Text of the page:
89- I'm sure I was influenced by the media jihad. And it's hypocritical of me to hate Shef and still, conflictedly, like Bradley. Can't really defend it. Still, I remember my hasty falling in love with Shawn Green (for which I paid at leisure) because he seemed like such a good guy after Darrylberry, Shef, and Mondesi. He wouldn't play on Yom Kipur! Then came the years where I was really looking forward to Yom Kipur.

I forgot to wish everybody a happy Fast of Tevet, yesterday. The Hebrew Callender thunderbird extension is one of my favorites.

2006-01-11 13:23:48
94.   Andrew Shimmin
Yom Kippur. Sorry. I actually checked the spelling, I just got so exited about the Fast of Tevet that I forgot to go back and fix it.
2006-01-11 13:25:10
95.   regfairfield
92 Gary is easily the worst citizen in baseball. A couple highlights:

Letting "a few balls go by him" in Millwaukee so they would trade him. (Easily ehough to earn him the crown.)

Remember what he said about the fans in L.A., or just the team in general? I really wish I had the exact quotes.

2006-01-11 13:26:23
96.   Marty
I saw Dick Allen play for the Dodgers, but I don't remember anything special. He was great for the Phillies though. The most memorable thing about him was he used a 41 or 42 ounce bat. A real war club.
2006-01-11 13:36:10
97.   Eric Enders
"Eddie Murray with the bases loaded was pure excitement."

Well, it was until he grounded into the invitable double play. Of course, that was only during his second stint with the Dodgers.

He's the answer to my favorite baseball trivia question: Who's the only player in history to lead the major leagues in batting but not win a batting title?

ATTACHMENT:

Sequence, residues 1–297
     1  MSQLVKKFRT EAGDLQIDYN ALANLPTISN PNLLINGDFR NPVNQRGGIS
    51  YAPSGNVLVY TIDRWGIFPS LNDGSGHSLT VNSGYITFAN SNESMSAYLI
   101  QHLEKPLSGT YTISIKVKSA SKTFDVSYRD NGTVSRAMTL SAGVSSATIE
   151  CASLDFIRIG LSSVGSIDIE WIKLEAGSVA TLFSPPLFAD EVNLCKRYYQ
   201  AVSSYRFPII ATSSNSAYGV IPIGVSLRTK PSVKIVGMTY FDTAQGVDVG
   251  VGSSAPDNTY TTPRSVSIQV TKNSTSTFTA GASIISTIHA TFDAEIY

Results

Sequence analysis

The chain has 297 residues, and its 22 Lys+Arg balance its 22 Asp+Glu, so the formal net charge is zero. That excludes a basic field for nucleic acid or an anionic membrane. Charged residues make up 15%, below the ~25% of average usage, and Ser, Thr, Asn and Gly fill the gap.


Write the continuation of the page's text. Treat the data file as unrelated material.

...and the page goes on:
2006-01-11 13:41:59
98.   Jon Weisman
86 - How does Eddie Murray's hiring vindicate the DePo firing? Rightly or wrongly, if DePo doesn't get rid of Tracy, Tim Wallach would still be the batting coach.
2006-01-11 13:50:30
99.   jasonungar05
different eras, not making a case for Karros cause I was never a fan of his vs say Mondy or Piazza. I did like how he hit in Coors though! But this is crazy to me...

(for the record, my dislike comes from him always saying, its only June, we have time, no reason to panic yada yada..)

21 seasons for Murray and 4x 30 100
14 seasons for Karros and 5x 30 100

2006-01-11 13:55:04
100.   Moon Shot
I've been enjoying reading Dodger Thoughts for some time now. Reading about all these Dodger names from the past made me stop and think about my first Dodger game. It was in 1959 at the Coliseum in an exhibition game against the Yankees to honor Roy Campanella. I've been a big Sandy Koufax and Dodger fan ever since. Two of my biggest thrills in life were meeting Gil Hodges as a 10 year old and meeting Sandy Koufax as a 30 year old.
Show/Hide Comments 101-150
2006-01-11 14:01:45
101.   Eric L
I was always a huge Karros fan until the later years. His career OPS+ of 108 isn't terrible (granted, it isn't great for a 1B) and he had some nice years for the Dodgers.

Given the current roster, I wouldn't mind seeing a 1B put up similar numbers to what Karros did in '95-'99.

2006-01-11 14:30:11
102.   walbers
(98) Jon, perhaps vindicate is the wrong word. I really liked Depo and was bitterly disappointed when McCourt fired him. I really like Eddie Murray and I'm glad that Colletti/McCourt have hired him. That softens the disappointment (for me) in losing DePo. That's all I'm trying to say.

now that i think about it...vindicate is clearly the wrong word, but i'm not the wordsmith others here are. but i think you get my point. Sad about DePo but if Depo had to go, then glad about Murray. rgds, will

2006-01-11 14:44:33
103.   fernandomania
Top 10 Favorite Dodger Hitters to watch in my lifetime (born 1975):

1. Guerrero 1985
2. Gibson 1988
3. Piazza 1997
4. Green 2001
5. Sheffield 2000
6. Valenzuela 1982 [1990 was his best year (102 OPS+) but I remember the early years best].
7. Beltre 2004
8. Strawberry 1991
9. Kent 2005
10. Sax 1983

2006-01-11 15:26:43
104.   molokai
We've had some great hitting pitchers. I think we did this thread last year during the winter doldrums.
2006-01-11 19:35:08
105.   das411
97 - Didn't Polanco just do something like that?
2006-01-11 20:33:40
106.   Eric Enders
105 Polanco batted .331 this year to Derrek Lee's .335.
2006-01-11 23:41:38
107.   Jeromy
97: wasn't it Willie McGee. I think he switched leagues and had a great BA, but didn't qualify for either league's title.